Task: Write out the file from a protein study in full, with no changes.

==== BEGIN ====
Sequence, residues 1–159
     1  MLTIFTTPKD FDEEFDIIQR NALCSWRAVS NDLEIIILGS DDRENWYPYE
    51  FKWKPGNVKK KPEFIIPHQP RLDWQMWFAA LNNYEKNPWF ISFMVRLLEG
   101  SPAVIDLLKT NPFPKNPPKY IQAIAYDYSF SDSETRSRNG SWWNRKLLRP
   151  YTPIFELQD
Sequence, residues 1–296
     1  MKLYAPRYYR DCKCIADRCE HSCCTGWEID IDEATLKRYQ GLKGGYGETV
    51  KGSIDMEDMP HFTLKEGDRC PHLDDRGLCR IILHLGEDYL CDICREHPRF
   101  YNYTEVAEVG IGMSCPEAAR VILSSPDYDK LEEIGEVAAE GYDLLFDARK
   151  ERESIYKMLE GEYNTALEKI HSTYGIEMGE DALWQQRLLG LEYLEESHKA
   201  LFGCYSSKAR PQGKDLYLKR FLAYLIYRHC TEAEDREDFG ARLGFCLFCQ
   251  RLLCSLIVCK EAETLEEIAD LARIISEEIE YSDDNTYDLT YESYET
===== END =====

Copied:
Sequence, residues 1–159
     1  MLTIFTTPKD FDEEFDIIQR NALCSWRAVS NDLEIIILGS DDRENWYPYE
    51  FKWKPGNVKK KPEFIIPHQP RLDWQMWFAA LNNYEKNPWF ISFMVRLLEG
   101  SPAVIDLLKT NPFPKNPPKY IQAIAYDYSF SDSETRSRNG SWWNRKLLRP
   151  YTPIFELQD
Sequence, residues 1–296
     1  MKLYAPRYYR DCKCIADRCE HSCCTGWEID IDEATLKRYQ GLKGGYGETV
    51  KGSIDMEDMP HFTLKEGDRC PHLDDRGLCR IILHLGEDYL CDICREHPRF
   101  YNYTEVAEVG IGMSCPEAAR VILSSPDYDK LEEIGEVAAE GYDLLFDARK
   151  ERESIYKMLE GEYNTALEKI HSTYGIEMGE DALWQQRLLG LEYLEESHKA
   201  LFGCYSSKAR PQGKDLYLKR FLAYLIYRHC TEAEDREDFG ARLGFCLFCQ
   251  RLLCSLIVCK EAETLEEIAD LARIISEEIE YSDDNTYDLT YESYET